The simple answer is that oil markets are not free at all. The marketplace has been corrupted and distorted due to a variety of factors. These factors have failed to "monetize" certain hidden costs into the price of oil, making oil appear to be much cheaper than it actually is.
In Naomi Klein's excellent best seller, "The Shock Doctrine", she showed in painstaking detail how US policies did whatever was necessary at whatever cost was required to obtain oil and other resources from countries all over the world. Similar examples of this policy have been excellently described by Chalmers Johnson in his books "The Sorrows of Empire" and "Nemesis" and by John Perkins in his book "Confessions of an Economic Hit Man."
The US has used its CIA and its military to exploit resources from countries all over the world. While such policies are clearly immoral and reprehensible, for the purposes of our focus on oil markets and their associated pricing mechanism, let's look beyond the morality of US imperialism. Beyond the issue of simple right and wrong, one point cannot be denied: the cost of CIA and US military operations has not been reflected in the price of oil. If we are to accept the "judgment of markets", it's critically important to set the price of the commodity, in this case oil, at its true level. Hiding costs by passing them on to American taxpayers fails to provide any integrity to the pricing mechanism and corrupts the oil market. Current US military spending, including both spending inside the "formal" military budget and outside it, exceeds $1.1 trillion per year. Exactly what proportion of that has been used to procure oil, and it is a substantial proportion, is anybody's guess. Failing to burden the cost of oil with some amount of this spending has led to tragic national energy decisions by those who worship the free market.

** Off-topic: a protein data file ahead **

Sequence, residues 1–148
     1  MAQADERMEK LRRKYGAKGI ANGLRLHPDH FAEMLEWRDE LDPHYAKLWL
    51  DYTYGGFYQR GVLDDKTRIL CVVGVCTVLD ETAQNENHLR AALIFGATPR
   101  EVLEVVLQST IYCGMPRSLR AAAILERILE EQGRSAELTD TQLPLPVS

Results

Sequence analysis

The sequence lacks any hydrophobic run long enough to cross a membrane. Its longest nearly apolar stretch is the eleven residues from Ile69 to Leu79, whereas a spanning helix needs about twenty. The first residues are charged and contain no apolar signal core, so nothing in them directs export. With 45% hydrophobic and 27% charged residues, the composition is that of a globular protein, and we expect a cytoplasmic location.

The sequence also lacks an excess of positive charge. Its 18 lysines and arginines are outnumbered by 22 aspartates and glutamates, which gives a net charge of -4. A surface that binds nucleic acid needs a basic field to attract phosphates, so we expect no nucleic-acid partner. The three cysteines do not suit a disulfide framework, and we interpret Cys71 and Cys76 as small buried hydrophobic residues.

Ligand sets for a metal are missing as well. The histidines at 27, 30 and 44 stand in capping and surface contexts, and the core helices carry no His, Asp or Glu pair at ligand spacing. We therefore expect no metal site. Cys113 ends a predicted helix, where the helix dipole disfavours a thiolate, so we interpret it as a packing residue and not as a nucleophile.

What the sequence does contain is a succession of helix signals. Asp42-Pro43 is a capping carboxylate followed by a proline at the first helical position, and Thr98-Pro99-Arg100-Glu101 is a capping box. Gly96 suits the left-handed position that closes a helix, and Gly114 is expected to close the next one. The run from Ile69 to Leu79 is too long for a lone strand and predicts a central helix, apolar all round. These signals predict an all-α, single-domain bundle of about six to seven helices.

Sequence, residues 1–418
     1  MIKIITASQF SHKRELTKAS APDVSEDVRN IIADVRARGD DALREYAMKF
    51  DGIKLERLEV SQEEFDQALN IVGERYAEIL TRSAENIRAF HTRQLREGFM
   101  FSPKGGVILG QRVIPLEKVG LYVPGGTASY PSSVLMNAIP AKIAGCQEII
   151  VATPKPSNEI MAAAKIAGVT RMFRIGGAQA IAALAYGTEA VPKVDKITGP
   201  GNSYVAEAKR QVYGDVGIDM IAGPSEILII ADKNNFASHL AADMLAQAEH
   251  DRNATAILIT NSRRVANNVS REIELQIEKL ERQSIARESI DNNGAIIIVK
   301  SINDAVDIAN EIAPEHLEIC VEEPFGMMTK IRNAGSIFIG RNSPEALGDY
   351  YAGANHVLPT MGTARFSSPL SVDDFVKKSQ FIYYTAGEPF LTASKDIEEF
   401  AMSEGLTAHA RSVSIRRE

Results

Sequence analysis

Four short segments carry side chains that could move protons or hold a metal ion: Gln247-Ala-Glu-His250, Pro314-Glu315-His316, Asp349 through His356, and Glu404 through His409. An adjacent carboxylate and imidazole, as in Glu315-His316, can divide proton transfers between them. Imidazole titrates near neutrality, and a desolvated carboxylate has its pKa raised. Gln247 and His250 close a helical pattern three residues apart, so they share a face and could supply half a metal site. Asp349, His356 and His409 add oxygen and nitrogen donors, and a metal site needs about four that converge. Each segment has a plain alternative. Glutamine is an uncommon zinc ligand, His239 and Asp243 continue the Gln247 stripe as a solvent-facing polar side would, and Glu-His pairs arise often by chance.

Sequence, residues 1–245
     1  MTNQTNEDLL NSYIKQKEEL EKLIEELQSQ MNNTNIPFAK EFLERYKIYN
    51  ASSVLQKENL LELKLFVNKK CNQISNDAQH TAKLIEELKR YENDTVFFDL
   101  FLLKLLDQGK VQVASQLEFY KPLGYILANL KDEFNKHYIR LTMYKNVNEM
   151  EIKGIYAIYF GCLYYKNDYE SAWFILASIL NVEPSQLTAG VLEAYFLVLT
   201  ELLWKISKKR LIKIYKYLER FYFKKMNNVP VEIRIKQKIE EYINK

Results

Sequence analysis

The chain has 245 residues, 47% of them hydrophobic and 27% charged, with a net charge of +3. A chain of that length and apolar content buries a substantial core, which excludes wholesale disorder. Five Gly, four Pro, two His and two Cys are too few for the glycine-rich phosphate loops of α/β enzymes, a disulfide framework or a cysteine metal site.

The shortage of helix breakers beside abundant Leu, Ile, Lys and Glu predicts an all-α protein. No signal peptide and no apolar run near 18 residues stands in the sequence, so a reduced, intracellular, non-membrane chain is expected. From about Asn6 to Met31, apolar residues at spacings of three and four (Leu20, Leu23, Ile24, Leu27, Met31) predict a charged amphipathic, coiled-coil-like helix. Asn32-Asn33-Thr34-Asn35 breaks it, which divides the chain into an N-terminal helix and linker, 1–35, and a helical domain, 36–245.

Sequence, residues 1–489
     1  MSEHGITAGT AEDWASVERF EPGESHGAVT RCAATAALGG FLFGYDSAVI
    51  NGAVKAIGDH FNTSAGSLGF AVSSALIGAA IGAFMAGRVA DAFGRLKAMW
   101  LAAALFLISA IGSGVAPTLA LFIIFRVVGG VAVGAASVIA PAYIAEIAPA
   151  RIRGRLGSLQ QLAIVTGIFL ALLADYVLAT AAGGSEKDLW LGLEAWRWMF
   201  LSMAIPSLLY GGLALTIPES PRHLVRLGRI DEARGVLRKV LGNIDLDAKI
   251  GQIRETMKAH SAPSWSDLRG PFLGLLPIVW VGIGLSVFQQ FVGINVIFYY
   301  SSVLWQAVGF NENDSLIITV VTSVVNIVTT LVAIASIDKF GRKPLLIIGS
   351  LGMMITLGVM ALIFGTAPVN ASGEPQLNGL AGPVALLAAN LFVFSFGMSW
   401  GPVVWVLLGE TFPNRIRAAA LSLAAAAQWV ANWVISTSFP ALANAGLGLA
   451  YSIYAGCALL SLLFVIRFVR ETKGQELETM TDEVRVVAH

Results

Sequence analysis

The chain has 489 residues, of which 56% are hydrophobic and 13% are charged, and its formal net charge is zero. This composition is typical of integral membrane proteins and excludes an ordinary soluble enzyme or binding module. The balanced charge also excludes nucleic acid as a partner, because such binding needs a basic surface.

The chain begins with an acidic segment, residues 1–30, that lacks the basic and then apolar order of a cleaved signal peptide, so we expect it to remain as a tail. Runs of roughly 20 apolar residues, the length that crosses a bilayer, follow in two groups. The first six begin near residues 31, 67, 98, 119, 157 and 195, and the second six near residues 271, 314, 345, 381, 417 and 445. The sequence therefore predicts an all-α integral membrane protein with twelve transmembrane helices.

The environment we live in, the earth itself, the world we leave to future generations, are all part of our "common wealth." With each drop of oil we burn, that common wealth is harmed a little more. It may be difficult to put a price on the cost of that harm but that does not mean it doesn't exist. To be a true market, the damage done to our environment would have to be reflected in the price of oil. If the production of CO2 is "free" and damaging our environment is "free" to the oil companies, i.e. if they are not charged for the damage they inflict, they are then able to sell their commodity at prices that do not reflect the actual costs to our society. The result, again, is that the market, because of its deceptive pricing mechanism that ignores the costs of global warming, is unable to counsel the right energy policies.
What will it cost to defend the nation against the ravages of global warming? What will it cost to erect massive "sea walls" and gates to hold back the oceans along the coastlines? What will it cost to relocate tens of millions of Americans? What will it cost when drought severely disrupts American agriculture and threatens our food supply? What will the health care costs be when we are unable to heat or to cool our homes depending on where in the country we live? It may be impossible to assign a dollar value that should be added to the price of oil by levying fees for these hidden costs on the oil companies. Nevertheless, it's clear the real Big Oil subsidy, including the costs of massive support from the US military and the costs associated with the destruction of our environment, goes far beyond the mere $18 billion Congress seems so concerned about. By factoring in these hidden costs rather then passing them on indirectly to taxpayers, competing technologies like wind, solar and geo-thermal become far more competitive. Only then can we even marginally rely on the oil market and its pricing mechanism to guide us on policy.